In the middle of Wat Chalong is an interesting ceremonial building, a combination of traditional bell tower and shrine room for meditation and worship.  Many images of Buddha in the various symbolic poses rest here.  Visitors may climb the stairs to the upper balcony for an overview of the monastery grounds.

and don't forget Phuket's Big Buddha on the mountain....

Any consideration of Buddhism in Phuket, and Buddhist places worth visiting, should not miss what has surely become the Buddhist shrine that locals are most proud of; the Big Buddha on the mountain above Chalong Bay. This, the hugest statue of Buddha in Phuket and the region, casts its all-seeing gaze across the southern end of the island, over Chalong Bay to the open ocean and all the way to Phi Phi and Krabi.

Built with donations, it has been many years in construction, and while the main statue is virtually done, many surrounding pavilions and statues are still on the way. As with Buddhist monasteries and shrines everywhere in Thailand, there is no entry fee. However, visitors are encouraged to buy a single tile, write their name on the back, and have this small token cemented into the structure for 'eternity'.

Visitors must wear 'polite' dress, that deemed appropriate when visiting a holy place of worship. Women should not wear short pants or mini dresses, while men should have shirts with sleeves. Those who turn up dressed in appropriately will be intercepted at the gate and given either a sarong or shirt to cover bare flesh with.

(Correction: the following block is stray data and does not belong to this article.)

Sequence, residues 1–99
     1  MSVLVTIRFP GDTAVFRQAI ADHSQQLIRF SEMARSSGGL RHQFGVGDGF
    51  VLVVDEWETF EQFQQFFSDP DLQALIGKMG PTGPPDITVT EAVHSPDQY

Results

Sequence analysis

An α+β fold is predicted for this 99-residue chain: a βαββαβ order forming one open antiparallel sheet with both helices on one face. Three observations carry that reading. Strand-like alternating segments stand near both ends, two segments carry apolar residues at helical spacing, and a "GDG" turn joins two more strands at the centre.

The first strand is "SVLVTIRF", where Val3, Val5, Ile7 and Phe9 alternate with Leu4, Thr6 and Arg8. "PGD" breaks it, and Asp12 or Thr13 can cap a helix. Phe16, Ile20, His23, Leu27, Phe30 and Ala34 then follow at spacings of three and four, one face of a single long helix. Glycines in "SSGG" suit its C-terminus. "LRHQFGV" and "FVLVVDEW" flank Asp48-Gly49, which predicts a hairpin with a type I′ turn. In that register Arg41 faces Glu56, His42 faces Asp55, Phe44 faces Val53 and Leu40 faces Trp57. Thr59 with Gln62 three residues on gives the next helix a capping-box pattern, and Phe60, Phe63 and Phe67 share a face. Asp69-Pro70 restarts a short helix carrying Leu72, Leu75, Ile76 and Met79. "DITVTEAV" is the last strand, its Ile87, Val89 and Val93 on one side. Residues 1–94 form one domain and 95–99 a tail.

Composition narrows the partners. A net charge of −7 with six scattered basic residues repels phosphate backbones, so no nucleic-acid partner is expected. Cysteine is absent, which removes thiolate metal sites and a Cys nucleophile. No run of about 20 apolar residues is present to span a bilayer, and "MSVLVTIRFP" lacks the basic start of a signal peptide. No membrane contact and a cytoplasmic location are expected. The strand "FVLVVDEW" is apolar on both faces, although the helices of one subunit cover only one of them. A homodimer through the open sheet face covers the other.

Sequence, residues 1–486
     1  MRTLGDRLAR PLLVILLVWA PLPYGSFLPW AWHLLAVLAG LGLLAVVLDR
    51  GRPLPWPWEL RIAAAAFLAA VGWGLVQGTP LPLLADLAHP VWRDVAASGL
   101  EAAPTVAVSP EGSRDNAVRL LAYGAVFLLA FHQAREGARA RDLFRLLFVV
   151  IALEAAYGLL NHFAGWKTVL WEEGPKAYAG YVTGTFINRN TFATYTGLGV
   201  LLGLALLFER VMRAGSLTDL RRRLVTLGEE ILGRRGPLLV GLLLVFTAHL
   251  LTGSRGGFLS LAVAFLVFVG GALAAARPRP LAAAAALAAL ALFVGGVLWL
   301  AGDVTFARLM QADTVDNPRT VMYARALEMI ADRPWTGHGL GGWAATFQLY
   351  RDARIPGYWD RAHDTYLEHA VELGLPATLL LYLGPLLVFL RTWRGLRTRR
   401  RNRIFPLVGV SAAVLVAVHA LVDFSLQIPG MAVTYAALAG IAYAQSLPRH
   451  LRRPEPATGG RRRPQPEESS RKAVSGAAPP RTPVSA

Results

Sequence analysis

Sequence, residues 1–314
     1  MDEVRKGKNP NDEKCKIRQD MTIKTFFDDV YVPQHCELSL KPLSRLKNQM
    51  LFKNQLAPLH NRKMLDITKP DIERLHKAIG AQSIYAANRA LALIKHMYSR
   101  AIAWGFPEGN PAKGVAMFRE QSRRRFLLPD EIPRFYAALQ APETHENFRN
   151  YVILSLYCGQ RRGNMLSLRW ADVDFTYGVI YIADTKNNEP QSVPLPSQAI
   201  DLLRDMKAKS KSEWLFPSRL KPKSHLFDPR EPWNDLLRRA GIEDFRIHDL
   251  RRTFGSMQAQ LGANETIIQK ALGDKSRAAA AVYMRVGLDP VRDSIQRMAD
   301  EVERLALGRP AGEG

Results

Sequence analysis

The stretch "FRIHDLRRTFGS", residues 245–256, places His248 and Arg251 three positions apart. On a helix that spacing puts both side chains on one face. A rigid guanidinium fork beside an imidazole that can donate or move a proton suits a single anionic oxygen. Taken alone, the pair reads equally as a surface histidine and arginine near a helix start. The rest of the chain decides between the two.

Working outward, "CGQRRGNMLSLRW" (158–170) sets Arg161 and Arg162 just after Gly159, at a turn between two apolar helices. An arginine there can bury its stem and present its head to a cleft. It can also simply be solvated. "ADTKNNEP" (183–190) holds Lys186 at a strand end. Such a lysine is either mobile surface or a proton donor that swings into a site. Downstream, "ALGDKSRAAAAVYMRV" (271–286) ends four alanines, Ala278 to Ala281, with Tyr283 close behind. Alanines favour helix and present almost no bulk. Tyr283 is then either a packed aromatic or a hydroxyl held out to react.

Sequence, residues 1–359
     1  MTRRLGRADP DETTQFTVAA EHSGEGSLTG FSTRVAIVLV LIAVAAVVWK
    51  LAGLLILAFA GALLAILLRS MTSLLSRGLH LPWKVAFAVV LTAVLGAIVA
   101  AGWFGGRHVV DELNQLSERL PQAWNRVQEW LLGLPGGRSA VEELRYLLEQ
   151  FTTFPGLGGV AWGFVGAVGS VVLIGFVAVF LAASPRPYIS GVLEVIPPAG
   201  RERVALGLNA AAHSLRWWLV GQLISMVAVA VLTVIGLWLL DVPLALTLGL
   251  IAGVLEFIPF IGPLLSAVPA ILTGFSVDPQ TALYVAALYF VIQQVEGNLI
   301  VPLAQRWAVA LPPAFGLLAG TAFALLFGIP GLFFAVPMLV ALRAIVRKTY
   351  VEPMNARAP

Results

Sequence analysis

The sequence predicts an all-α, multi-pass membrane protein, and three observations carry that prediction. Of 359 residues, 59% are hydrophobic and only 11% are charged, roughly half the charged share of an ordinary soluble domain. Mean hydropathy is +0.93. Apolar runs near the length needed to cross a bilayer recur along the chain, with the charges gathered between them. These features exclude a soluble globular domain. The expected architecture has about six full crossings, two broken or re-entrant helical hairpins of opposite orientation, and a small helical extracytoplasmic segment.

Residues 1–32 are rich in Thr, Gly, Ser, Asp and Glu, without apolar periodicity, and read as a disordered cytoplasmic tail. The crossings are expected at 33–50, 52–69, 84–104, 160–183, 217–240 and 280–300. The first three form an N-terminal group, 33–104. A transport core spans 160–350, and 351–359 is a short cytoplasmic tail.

other Buddhist anomalies one might see in Phuket....

The photos here showing a group of people paying respects to a shrine in Phuket's Chalong district might not look so unusual, however there is a whole array of mixed cultural messages and metaphors here.

The people are not Thai, but Taiwanese, and thus come from far to the north of Thailand. The shrine is not Buddhist, even though it is dressed up in the forms and colour associated with Thai Buddhism. This is Phra Phrom, the Thai representation of Brahma, the Hindu god of creation, quite some distance from its original Indian home, and set up inside the walls of a Buddhist monastery. These visitors appeared to know little or nothing about Brahma prior this visit. And they had surely never worshiped him before, for the man in front first gave them a small lecture, explaining and showing them exactly how to do it.

Why would people from one culture worship a little-known god from an entirely different set of beliefs?

Christians and Muslims hold all-exclusive philosophies, and most true believers would reject any action that indicated acceptance of a foreign religious belief. Those Asians brought up under the wider philosophical umbrella of Buddhism, however, are taught not to reject unknown religious ideas, but to query and examine them. And one concept that has wide acceptance in Asia is the idea that all prayer, meditation and religious activity is positive, no matter what creed or title it comes with. Thus, by paying respects to the foreign god Brahma, these people believe no harm is done, while some positive energy is created simply through the act of prayer.

by John Everingham